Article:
After that, I thought it would be good to return to our part of the country. I enrolled in the University of Minnesota for my master’s degree in both Art and Art History. I worked as a teacher’s assistant and had tuition paid from that.
I ended up going out east again and ended up at Wildenstein Gallery in New York doing research there. At the time I was dating my future husband.
How did you meet your husband?
I was in Walworth County and Dick was in Janesville. We met at a dance in Janesville out at the Janesville Country Club. They had wonderful music then, and we both had the same dance classes in Janesville.
When I went out to New York to work at Wildenstein, he started to date someone else, so I came back! And we got married in 1956 in Delevan at Christ Episcopalian Church. The reception was at our house at Turtle Valley Farms.
Dick had served on both fronts in WWII. He had been a good art student in high school, and before he was 18, he took a few courses at Layton Art School in Milwaukee. When he entered the army, he was put in the mop-up detonation squad … very dangerous work!
He was stationed in England and was in the same town in England where Janesville’s Elsie Van Tassell had lived! It’s a very small world! They didn’t know each other then. Later, he was sent to the Pacific theater and to the Philippines. He also worked on plays and theater work in Tokyo for the troops.
Dick’s family owned Douglas Hardware, and Dick wanted to use his skills as an interior designer. He had attended Brown on the G.I. Bill and ended up doing interior design at The Color Center for both homes and businesses in the area.
Did you end up working with him in that field?
I was going to, but I got pregnant, and in those days that changed things for a woman. We had two girls and a boy and I stayed home with them. It was such a privilege!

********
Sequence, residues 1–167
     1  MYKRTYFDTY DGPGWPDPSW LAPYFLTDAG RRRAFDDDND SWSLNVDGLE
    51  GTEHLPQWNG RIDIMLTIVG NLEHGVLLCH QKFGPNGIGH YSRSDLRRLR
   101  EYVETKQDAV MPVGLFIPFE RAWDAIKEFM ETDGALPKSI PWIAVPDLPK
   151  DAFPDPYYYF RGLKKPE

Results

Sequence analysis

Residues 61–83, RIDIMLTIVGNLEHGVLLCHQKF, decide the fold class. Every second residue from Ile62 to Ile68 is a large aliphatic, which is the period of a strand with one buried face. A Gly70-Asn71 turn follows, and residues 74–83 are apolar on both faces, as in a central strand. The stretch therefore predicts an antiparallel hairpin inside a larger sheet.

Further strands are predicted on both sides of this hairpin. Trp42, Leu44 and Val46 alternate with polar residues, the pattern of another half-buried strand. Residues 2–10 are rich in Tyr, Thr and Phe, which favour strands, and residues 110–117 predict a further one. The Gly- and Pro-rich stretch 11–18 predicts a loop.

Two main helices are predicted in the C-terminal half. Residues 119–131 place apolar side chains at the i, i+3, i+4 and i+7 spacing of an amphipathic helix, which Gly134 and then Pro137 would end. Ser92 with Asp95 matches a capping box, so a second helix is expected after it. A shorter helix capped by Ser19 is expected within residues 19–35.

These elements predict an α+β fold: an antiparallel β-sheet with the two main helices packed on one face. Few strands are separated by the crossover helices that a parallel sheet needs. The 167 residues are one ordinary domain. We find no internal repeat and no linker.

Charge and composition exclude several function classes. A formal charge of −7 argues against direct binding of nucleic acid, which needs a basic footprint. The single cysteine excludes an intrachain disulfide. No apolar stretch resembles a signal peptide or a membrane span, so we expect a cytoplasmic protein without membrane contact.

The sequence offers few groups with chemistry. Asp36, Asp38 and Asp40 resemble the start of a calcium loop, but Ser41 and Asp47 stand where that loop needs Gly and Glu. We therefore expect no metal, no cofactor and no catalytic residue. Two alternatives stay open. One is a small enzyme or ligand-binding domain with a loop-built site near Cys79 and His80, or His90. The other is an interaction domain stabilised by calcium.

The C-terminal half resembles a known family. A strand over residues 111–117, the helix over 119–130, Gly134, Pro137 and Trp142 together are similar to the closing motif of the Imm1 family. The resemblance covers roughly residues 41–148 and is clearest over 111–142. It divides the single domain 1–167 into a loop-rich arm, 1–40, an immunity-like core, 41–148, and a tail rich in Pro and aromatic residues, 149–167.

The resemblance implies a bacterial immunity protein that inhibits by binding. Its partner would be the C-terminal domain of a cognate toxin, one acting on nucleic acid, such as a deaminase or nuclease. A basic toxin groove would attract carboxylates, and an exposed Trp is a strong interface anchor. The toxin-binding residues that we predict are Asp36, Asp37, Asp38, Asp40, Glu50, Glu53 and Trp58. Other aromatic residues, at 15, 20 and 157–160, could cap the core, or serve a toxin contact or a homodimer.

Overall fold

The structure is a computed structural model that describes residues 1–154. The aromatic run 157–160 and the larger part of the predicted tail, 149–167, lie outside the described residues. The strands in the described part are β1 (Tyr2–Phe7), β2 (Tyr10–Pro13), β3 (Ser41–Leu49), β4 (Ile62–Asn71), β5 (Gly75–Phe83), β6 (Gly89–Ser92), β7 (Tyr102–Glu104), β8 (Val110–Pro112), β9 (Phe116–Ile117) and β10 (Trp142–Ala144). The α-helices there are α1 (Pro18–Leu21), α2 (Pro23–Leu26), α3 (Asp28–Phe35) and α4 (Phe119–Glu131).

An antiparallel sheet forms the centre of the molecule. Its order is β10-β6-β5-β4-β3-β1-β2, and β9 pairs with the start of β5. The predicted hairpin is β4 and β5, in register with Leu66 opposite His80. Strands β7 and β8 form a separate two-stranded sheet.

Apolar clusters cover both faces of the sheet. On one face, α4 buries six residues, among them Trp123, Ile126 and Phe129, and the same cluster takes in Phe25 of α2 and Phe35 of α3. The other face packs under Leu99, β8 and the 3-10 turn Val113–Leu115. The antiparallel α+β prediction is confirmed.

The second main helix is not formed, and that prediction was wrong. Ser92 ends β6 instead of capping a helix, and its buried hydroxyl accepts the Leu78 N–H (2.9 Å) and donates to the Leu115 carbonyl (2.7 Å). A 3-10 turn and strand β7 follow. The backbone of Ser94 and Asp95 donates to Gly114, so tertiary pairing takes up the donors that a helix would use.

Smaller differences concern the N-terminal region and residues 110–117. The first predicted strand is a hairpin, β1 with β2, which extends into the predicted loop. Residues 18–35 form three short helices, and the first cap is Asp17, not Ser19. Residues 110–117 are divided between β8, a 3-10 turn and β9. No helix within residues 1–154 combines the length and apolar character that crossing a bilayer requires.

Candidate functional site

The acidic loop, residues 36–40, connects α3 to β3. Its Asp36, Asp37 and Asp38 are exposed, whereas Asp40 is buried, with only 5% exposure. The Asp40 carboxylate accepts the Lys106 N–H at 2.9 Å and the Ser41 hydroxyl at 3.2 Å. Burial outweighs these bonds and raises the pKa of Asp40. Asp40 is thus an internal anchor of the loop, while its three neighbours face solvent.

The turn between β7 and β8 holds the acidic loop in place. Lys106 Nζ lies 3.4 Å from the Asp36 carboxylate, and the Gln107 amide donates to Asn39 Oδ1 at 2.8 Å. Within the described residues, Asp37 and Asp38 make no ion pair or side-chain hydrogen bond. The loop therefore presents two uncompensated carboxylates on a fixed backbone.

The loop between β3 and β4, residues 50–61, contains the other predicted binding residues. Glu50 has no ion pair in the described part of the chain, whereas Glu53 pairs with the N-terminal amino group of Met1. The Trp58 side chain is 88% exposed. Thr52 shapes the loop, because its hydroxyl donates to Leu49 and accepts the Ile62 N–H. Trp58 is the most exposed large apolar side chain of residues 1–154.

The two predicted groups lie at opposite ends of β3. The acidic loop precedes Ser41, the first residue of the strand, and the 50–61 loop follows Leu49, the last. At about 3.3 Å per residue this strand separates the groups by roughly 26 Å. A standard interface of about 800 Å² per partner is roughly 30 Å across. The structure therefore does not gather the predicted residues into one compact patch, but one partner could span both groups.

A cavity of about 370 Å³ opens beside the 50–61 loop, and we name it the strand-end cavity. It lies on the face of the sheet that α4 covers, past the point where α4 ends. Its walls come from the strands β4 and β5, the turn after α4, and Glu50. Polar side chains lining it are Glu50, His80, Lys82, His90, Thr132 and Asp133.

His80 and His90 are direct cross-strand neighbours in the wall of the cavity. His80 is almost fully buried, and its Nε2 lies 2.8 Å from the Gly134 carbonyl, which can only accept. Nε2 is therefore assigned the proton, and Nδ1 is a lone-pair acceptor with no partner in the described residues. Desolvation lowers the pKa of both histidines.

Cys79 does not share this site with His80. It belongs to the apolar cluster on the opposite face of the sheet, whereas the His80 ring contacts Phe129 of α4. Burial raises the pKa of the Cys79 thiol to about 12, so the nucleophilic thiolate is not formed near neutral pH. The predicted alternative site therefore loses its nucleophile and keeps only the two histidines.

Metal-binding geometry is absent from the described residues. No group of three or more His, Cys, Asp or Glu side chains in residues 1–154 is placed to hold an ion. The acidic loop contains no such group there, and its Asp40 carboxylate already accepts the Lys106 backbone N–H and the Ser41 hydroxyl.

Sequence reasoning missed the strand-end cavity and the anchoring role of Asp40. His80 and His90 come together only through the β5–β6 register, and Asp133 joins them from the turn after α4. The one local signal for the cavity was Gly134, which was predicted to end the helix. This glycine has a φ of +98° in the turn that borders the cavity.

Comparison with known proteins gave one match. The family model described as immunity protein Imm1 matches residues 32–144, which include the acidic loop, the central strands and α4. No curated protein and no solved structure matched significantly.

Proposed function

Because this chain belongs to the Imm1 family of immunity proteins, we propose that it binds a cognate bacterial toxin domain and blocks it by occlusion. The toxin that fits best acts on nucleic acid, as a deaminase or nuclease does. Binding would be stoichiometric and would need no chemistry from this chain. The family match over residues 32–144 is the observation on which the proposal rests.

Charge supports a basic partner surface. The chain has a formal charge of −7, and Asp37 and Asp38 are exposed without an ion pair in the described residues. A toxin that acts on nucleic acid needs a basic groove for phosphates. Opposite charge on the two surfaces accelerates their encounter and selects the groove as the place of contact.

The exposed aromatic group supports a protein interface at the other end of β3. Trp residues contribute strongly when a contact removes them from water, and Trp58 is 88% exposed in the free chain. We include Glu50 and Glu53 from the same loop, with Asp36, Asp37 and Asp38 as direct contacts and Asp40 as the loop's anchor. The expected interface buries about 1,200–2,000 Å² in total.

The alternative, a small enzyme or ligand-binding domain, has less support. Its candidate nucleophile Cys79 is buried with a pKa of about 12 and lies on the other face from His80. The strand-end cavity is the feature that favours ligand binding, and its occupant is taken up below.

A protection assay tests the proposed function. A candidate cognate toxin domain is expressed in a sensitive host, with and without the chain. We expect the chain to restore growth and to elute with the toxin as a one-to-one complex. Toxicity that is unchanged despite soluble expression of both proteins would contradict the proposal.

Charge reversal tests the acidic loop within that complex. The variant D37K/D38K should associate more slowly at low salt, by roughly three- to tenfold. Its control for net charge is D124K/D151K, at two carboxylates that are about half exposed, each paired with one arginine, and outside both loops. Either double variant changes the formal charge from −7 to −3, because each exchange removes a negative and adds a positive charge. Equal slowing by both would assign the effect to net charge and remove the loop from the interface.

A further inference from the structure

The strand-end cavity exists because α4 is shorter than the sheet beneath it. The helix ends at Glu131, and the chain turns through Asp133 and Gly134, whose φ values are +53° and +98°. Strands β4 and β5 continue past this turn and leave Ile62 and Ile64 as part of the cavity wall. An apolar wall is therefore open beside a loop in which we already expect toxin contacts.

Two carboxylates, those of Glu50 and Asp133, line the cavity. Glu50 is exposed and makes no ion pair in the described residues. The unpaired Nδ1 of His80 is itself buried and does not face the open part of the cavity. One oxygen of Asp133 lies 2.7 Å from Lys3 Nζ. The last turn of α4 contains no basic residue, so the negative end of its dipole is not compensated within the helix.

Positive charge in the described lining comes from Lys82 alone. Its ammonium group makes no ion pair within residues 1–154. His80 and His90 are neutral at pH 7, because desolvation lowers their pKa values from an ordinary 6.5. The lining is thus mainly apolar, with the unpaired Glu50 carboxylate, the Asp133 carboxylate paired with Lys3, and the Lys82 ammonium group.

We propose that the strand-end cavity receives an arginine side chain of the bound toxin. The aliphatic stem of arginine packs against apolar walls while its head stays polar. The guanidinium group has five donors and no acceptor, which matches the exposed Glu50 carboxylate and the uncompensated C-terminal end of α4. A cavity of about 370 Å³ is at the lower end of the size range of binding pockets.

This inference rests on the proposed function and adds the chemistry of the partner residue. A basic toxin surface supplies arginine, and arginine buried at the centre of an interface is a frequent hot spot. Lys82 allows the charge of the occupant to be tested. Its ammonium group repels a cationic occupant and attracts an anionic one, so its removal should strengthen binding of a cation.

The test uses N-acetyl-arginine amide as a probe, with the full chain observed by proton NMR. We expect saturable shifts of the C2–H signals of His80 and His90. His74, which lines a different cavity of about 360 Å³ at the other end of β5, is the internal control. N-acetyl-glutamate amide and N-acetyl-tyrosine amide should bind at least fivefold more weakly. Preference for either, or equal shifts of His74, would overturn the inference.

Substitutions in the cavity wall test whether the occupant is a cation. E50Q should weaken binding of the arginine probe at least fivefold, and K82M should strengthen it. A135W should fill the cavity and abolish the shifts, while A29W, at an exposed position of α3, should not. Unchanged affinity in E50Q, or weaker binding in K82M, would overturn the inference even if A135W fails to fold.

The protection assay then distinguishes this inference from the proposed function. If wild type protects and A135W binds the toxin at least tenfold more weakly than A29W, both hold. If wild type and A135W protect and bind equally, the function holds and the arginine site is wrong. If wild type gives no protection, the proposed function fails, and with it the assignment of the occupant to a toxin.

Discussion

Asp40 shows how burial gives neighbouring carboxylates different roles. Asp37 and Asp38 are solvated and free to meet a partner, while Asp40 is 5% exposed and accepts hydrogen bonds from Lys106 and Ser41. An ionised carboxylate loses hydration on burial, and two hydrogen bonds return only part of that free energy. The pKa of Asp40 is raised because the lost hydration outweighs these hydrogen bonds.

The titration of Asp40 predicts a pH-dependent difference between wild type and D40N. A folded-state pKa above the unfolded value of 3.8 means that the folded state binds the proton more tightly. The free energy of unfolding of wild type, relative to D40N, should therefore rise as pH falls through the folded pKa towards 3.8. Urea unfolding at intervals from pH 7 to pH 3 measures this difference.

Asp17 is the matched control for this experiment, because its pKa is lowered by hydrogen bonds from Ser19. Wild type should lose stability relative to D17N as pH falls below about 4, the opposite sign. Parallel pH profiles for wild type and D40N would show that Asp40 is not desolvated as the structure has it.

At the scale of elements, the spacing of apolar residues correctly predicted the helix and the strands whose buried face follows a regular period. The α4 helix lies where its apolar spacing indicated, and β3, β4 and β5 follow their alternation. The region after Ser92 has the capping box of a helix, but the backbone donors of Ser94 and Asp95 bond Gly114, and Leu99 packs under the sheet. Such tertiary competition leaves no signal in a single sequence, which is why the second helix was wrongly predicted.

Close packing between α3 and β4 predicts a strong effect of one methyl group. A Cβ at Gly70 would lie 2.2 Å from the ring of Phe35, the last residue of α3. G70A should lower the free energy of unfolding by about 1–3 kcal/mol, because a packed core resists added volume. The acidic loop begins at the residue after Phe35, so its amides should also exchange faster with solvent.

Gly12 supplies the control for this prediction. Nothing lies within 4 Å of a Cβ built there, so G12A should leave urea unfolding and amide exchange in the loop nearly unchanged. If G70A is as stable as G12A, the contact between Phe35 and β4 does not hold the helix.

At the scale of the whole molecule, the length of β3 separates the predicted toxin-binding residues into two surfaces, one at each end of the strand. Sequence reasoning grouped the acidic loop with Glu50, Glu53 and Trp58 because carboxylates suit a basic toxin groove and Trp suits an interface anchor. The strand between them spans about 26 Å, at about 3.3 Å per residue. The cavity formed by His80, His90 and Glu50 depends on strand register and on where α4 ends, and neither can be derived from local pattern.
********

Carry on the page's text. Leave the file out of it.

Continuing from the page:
Were you involved in the community?
During that time, I became involved in the Janesville Art League and was president of that organization for a while back in the 1960’s. I was also involved in the Rock County Historical Society. I was interested in volunteering there because of my background in art history. At the Lincoln-Tallman House, I was a docent, giving tours. Rick Hartung came along and was a serious historian. He got us to give a much more historically accurate tour of the home.
Eventually I went back to work. I knew a couple, Vern and Mary Williams, who were very active. He was with WCLO and knew how to pronounce all the names of the classical musicians, which was more popular back then. Mary was with Milton College in the Art Department. She asked me if I’d like to work and teach art history courses. I said, “Yes, yes! I need something more to do than laundry!”
How long did you teach Art History at Milton College?
At least five years. It was during the late 1960’s and early ‘70’s and a lot of students were just coming back from serving in Vietnam and starting college.
How did you end up working for RCHS with the National Registry of Historic Places?
In the mid-70s, after I was done at Milton College, Rick Hartung, Director of RCHS came to me about a grant they’d received to go around the county and find places. I did wear out a car because it was one of those cheaper cars, with all the manual controls, starting and stopping!